The gentleman on the bike, Dr. Michael Lim Mah-Hui, is a city councilman in George Town, Penang, Malaysia. With an international background in economics, finance and public policy, he also has a long time interest in the challenges of sustainable development, livable cities, equitable transport, land use and historical preservation. He is active both as an elected councilor but also as a concerned and active citizen. He is in this, in his own words, for the long haul.
In a recent presentation to the City Council of Penang Island “Bicycling as One Component of a Comprehensive Transport Plan” — he wrote:
Georgetown is very suitable for promoting bicycling as an alternative form of transport because it is small only 47 sq mile (i.e. 7 mile by 7 mile) and flat. One can easily cycle within the city limit in 20 minutes. Imagine how traffic will be reduced if more people just cycle around the city during lunchtime instead of driving.
Penang has taken some steps to promote bicycling but mainly for weekend recreation. We now seriously need to promote cycling as one alternative form of transportation for work and commuting. MPPP can be a pioneer in this effort.
The following steps (not exhaustive) should be taken:
* Provide dedicated bicycle lanes to be painted and reflective road studs laid on the roads to improve safety for these users.
* Plant more trees to provide shade
* Provide proper parking space for bicycles
* MPPP work with private entrepreneurs to start bike-renting and/or bike-sharing schemes
We must start to draw up a bicycle strategy, policy and plan for Penang and this must be integrated into town planning. It should be coherent, not piece-meal and certainly not ad hoc. It must be bottom-up and not just top-down, i.e., the bicyclists must be intimately involved in the planning process from the beginning.
The plan must include a budget open to the public and the media for inspection and eventual discussion.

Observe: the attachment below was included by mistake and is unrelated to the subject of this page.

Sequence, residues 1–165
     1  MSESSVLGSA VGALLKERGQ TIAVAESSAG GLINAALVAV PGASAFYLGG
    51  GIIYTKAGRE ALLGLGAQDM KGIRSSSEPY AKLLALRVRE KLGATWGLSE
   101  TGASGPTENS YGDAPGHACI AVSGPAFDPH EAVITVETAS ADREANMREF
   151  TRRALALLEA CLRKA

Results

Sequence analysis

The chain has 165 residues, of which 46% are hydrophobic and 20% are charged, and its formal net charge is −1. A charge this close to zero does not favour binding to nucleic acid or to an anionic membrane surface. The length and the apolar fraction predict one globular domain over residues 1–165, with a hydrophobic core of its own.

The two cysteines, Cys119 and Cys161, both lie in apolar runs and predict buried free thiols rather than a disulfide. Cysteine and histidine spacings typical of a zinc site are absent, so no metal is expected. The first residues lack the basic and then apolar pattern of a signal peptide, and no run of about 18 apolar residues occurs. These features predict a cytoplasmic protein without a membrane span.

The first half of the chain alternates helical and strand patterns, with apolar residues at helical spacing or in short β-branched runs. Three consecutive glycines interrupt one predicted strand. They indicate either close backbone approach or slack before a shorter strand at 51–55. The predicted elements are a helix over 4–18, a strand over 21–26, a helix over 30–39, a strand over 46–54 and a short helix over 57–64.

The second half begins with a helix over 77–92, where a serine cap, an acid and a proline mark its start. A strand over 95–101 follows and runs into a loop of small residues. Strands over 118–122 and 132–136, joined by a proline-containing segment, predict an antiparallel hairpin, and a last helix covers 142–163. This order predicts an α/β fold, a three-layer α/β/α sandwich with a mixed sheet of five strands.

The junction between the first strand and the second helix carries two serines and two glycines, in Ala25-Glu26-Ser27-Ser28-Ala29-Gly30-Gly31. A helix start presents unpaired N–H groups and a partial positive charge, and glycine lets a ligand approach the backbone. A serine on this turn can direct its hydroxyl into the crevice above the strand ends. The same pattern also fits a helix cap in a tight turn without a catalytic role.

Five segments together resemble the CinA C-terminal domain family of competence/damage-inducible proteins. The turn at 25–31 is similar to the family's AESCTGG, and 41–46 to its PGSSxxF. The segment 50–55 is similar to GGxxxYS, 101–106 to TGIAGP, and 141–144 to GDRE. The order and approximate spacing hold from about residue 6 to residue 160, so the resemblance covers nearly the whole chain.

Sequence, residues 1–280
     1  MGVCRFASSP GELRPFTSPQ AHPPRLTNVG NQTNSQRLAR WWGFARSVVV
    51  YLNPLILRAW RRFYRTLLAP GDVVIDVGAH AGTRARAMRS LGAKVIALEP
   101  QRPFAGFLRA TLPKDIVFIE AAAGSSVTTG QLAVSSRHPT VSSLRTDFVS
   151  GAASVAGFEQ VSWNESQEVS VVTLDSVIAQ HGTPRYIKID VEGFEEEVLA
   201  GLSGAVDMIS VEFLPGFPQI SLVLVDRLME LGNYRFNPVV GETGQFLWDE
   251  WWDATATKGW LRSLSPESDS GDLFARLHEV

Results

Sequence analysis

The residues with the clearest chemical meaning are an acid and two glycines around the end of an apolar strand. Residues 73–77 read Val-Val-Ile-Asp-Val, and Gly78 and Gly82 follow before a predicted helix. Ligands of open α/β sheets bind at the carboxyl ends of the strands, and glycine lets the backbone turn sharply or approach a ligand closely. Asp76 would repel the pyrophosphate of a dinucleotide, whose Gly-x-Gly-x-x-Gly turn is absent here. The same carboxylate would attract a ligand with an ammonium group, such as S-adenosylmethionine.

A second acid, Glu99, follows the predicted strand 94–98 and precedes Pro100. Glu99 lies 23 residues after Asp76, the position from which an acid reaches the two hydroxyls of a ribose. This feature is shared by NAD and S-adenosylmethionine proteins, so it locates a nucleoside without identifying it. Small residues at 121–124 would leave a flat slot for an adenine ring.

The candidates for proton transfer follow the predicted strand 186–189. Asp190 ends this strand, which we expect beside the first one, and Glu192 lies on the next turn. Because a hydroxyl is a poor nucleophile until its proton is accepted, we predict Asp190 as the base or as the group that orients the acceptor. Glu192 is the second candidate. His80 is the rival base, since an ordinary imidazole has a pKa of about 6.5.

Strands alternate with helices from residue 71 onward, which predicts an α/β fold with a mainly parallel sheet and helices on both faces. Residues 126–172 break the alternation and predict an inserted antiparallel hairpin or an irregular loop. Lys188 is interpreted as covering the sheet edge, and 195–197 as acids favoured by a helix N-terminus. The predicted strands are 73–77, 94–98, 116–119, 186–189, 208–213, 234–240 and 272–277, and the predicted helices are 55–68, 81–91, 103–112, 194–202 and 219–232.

Lastly, I believe in the concept of leading by example. The mayors of London and a number of other, often European highly livable and prosperous cities, use bicycles as a form of daily transportation. I propose that our leaders at least occasionally cycle to meetings and to work. This will be a major psychological boost for bicycling and provide an example for the public to follow – to show that it’s cool to bike. That it’s good for the planet. Good for the city. And great for your health.
Dr.. Mah Hui-Chen Shih can be contacted at limmahhui(at)gmail.com. The offical website for the City Council of Penang Island is available in English at http://www.mppp.gov.my/en/home
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Points of Light.
We need to put human faces to the fight for sustainable transport and sustainable cities. Which is the goal of World Streets informal shortlist just getting underway offering brief profiles of outstanding exemplary individuals, groups and organizations who are, each in their own way, contributing to showing the way in their city, country or region, when it comes to the very difficult up-hill transition from Old Mobility (back at a time in the last century when most of us were fascinated by infrastructure, vehicles and, implicitly, privilege) to a New Mobility Agenda (a world that favors instead people, access, equity, systemic efficiency and quality of life).
If you have nominations for other outstanding individuals or groups, particularly in civil society (“the watchdog of democracy”), please share them with us via email@example.com
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Editor’s note: One observant reader and cyclist, Jen Tan, has pointed out that the cycle in the above picture is an Ebike and that the battery poses long term pollution challenges. Yes, this is true, but in the last years as the use of Ebikes has steadily expanded two qualifying observations come to mind. Most important, the availability of a battery as a power complement can permit older and frailer people to have full access to a bike for their daily needs. If not, often their only options include either (a) to accept reduced mobility and all the injustices that brings with it or (b) to use a car. Finally, part of the overall transition strategy for New Mobility must be to shift from fossil fuels to electricity, in combination with a massive effort on renewables and increased energy efficiency.
About the editor:
9, rue Gabillot, 69003 Lyon France
Bio: Educated as an international development economist, Eric Britton is an American political scientist, teacher and sustainability activist who has worked on missions and advisory assignments on all continents. Professor of Sustainable Development, Economy and Democracy at the Institut Supérieur de Gestion (Paris), he is also MD of EcoPlan Association, an independent advisory network providing strategic counsel for government and business on policy and decision issues involving complex systems, social-technical change, civil society and sustainable development. Founding editor of World Streets: The Politics of Transport in Cities | See Britton online at https://goo.gl/9CJXTh and @ericbritton